Cheetle-Jay

Hello everyone! I am back for a likely brief period of time while I’m waiting for some props to finish drying. First off, I wanted to thank you for the warm welcome you gave Brad on his first guest post. Definitely helping me out while I try to get things under control at the home base. There will be more coming from him in the future – in fact he already has some ready to go. Will try to spread out the sugar, don’t want anyone to get over-sweetened and tire of the standard fare ha!

Really good news on the running front as well. Finished my 50K simulation run last week on the approximate course the 100K will be held. Not sure what happened over there, but the CoE site looked like a tornado hit it – downed trees everywhere. Some still over the trails turning it into a wilderness obstacle course. Other areas had been cleaned of the down timber, but so many branches and wood chips were left behind I had hunt/guess to find the path at times. Will be impressed if they get all that scrub taken care prior to the race (in a shockingly short 3 weeks). The simulation did successfully remind me the actual race is not going to be “pleasant” until the moment I cross the finish line – was definitely feeling the last couple of miles of the simulation and that only gets me HALF way there – will thankfully be cooler then.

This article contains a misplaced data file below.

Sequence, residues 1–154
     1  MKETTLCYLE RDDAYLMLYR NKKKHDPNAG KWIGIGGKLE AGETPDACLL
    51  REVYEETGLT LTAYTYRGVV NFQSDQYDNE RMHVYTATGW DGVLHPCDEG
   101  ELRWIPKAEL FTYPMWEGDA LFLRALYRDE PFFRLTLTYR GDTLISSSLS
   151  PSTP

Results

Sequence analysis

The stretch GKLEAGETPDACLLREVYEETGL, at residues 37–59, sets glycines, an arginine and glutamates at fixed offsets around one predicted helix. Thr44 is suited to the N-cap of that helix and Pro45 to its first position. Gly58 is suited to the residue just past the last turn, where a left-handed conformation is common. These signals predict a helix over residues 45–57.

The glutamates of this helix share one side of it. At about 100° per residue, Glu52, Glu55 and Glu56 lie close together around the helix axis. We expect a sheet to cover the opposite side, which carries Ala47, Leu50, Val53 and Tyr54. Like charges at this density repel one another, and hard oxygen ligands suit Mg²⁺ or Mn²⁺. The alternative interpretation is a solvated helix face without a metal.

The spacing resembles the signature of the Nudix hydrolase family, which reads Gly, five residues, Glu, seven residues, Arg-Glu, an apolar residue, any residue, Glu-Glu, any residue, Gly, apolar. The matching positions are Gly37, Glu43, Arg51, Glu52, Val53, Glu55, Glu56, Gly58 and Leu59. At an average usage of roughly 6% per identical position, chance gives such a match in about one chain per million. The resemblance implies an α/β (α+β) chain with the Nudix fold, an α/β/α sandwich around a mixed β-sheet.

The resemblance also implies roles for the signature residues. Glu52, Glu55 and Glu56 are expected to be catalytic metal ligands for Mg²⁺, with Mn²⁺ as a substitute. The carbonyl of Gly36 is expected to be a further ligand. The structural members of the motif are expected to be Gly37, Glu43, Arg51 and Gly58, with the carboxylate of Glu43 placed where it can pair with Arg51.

Enough of that, let’s get to the part you come here to see – the featured feathered friend of the day.

Woodhouse's Scrub-Jay found at Red Rock Canyon, Clark County, NV in February 2020

Hit the jump for more of my Vegas tin.

Needless to say, during the run I had a lot of time to plan out the next couple of posts. Today’s feature was a no-brainer. With all that scrub I was maneuvering through, it was an easy decision to go with the Woodhouse’s Scrub-Jay.

Woodhouse's Scrub-Jay found at Red Rock Canyon, Clark County, NV in February 2020

This particular Scrub-Jay species is not a new bird to the blog. I brought you one from Red Rocks Amphitheater back in 2017 (link here) and although a bit of deception, also featured it back in 2014 (link here). Back in 2014 it was still referred to as the Western Scrub-Jay. Turns out the Ornithological organization(s) that manage species distinction decided that the Western was really two different species and separated them into California and Woodhouse’s around 2016.